Medicine Hat’s Catholic Board of Education is taking steps to reduce its greenhouse gas emissions by partnering with Johnson Controls, an international corporation which specializes in building optimization, sustainability and safety, to update the infrastructure of schools.
When the project was first being considered by MHCBE bids were submitted by potential partners. Johnson Controls was chosen and began working within the school division in September 2020.
“What we were able to do is engage in a ton of different renovations within our schools, including LED lighting, boiler replacement, rooftop units (and) heating and cooling units within our jurisdiction,” MHCBE superintendent, Dwayne Zarichny, told the News.
“What this project did was allow us to take a lot of those (updates) that we would have done over a period of time and get those completed immediately,” said Greg MacPherson, secretary treasurer at MHCBE.
The updates not only reduce GHG emissions by an approximate 445 tCO2-e per year, but also improve the learning environment for staff and students and lower operation costs.
“We get to plow about $84,000 of utility savings directly back into the division and that’s on a yearly basis,” said MacPherson.
The total cost of the project was nearly $3 million. A capital maintenance and renewal grant covered $2.5 million. The remaining $500,000 was funded through the division’s infrastructure maintenance budget, MacPherson confirmed.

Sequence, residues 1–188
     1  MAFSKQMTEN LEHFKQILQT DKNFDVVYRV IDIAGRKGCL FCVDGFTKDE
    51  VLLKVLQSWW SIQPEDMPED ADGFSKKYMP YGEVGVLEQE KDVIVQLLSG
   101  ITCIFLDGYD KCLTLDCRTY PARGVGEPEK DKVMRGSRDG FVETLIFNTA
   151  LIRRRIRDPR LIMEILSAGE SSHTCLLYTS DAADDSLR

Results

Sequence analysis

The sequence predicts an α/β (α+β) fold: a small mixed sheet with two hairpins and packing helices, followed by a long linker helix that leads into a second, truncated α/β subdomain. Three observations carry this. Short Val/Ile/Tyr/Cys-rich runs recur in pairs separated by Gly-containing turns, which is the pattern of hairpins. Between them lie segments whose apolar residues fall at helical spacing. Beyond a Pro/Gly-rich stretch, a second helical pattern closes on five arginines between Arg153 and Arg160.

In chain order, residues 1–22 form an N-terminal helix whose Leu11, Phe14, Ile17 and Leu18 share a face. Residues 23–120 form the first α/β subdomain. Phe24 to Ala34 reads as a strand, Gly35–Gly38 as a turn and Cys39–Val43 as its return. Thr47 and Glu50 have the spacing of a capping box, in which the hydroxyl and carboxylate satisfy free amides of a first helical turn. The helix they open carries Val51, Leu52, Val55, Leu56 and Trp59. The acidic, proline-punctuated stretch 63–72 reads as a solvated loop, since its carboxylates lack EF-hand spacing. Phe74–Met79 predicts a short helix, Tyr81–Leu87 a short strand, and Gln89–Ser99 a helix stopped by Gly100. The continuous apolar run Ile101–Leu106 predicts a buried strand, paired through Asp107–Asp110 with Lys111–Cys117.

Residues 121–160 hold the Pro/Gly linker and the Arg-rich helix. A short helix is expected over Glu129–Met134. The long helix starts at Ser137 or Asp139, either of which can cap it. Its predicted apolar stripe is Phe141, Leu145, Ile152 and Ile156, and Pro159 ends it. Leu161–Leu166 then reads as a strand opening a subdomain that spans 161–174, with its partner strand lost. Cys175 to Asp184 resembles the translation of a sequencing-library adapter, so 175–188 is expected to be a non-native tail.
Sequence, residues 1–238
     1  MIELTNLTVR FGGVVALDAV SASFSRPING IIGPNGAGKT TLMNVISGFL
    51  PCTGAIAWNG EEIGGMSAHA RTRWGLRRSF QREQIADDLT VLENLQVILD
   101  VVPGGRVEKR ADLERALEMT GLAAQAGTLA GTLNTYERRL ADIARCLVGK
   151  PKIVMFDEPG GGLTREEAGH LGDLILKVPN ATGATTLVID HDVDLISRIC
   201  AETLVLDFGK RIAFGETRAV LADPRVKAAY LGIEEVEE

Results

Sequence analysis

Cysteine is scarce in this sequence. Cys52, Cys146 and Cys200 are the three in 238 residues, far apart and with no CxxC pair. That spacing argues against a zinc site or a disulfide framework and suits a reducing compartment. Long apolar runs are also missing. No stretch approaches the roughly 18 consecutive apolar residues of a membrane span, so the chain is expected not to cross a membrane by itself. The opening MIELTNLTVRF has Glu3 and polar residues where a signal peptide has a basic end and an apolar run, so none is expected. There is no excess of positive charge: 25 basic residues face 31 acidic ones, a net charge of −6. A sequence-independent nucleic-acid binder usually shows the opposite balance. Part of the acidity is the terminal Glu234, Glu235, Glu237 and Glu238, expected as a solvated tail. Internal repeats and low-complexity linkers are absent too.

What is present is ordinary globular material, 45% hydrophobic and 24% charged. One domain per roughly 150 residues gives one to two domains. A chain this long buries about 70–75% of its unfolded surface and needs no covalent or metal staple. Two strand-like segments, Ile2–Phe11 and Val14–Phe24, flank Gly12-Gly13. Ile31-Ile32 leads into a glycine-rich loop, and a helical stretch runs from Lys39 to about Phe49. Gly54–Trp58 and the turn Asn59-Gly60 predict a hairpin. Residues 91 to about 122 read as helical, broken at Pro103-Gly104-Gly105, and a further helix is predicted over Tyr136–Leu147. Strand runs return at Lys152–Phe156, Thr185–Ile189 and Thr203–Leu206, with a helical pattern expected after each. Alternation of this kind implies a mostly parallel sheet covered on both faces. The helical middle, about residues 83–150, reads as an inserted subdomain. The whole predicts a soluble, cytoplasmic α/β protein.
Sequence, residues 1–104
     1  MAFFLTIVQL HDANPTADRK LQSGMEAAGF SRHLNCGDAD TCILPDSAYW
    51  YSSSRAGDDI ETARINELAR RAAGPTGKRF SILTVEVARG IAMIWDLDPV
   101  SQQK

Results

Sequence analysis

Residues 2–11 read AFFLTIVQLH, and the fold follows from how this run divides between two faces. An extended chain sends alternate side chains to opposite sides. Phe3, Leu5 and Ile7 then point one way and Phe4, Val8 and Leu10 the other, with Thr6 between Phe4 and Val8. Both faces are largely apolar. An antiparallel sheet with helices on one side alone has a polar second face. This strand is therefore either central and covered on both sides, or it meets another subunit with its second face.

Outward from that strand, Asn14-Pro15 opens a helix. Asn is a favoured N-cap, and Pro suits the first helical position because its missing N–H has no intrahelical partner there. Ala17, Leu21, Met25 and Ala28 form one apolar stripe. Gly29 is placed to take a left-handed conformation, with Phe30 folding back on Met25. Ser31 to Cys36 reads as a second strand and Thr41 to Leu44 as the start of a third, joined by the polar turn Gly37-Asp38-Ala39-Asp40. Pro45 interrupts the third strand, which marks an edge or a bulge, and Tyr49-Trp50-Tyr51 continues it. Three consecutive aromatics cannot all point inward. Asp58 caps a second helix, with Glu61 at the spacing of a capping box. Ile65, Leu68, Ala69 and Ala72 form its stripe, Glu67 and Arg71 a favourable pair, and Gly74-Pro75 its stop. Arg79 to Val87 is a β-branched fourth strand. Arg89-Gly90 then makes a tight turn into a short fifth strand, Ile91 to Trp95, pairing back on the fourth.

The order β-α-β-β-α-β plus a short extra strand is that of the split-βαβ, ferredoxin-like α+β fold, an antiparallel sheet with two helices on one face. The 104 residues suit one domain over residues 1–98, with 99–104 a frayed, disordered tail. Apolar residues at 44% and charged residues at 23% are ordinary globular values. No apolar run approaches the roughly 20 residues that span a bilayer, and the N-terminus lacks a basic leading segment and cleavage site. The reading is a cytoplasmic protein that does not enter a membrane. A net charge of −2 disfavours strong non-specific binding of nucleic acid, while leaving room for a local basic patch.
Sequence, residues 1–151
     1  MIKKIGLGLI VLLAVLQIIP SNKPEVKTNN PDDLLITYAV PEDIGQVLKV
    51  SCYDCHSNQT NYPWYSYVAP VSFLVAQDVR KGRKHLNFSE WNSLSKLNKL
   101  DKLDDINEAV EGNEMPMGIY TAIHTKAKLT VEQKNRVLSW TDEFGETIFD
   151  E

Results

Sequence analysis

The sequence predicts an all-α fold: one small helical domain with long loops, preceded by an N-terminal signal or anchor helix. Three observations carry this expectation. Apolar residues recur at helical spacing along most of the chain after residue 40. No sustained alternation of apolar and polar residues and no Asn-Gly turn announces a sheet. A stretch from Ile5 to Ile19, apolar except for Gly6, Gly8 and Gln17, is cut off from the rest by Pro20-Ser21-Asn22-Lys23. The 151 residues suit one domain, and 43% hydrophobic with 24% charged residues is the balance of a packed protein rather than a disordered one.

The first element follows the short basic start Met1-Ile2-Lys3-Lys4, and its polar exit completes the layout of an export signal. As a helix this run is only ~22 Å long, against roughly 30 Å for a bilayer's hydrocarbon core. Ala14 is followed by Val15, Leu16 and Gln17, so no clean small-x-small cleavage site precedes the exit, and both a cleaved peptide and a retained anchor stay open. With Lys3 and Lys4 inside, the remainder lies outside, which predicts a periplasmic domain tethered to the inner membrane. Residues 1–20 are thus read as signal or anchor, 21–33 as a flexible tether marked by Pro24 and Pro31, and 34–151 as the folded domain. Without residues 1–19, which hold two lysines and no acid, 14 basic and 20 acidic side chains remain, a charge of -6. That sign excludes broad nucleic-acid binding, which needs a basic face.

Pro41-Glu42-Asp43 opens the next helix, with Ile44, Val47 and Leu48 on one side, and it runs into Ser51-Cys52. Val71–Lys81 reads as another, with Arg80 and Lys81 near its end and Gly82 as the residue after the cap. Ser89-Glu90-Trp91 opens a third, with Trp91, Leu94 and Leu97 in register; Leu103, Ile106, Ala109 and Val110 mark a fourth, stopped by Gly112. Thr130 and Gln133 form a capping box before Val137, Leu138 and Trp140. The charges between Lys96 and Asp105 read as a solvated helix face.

Zarichny and MacPherson believe the cost is worth it, especially since the partnership with Johnson Controls guarantees long-term returns equal to or more than the initial expenditure.
“(Johnson Controls) say, ‘You’re going to save X amount of energy every year,'” said Zarichny. “They audit that savings and if we’re meeting our target then after 15 years the project has essentially paid for itself – it hasn’t cost the jurisdiction anything. If we don’t meet those targets, then Johnson Controls will refund us the difference.”
“The board has a responsibility with respect to jurisdictional resources to use them as wisely as they can,” he said. “By engaging in this project we were able to get a tremendous amount of work done very quickly … We’re saving the jurisdiction money in the long run. This will be a benefit that the division continues to enjoy for decades to come.”
MHCBE is one of the first institutions in the province to take part in this form of project. Zarichny hopes their division can act as a leader in global GHG emission reduction.
“It’s a great thing for our students to see that, as a jurisdiction, we’re doing our part,” said Zarichny.
, Local Journalism Initiative Reporter, Medicine Hat News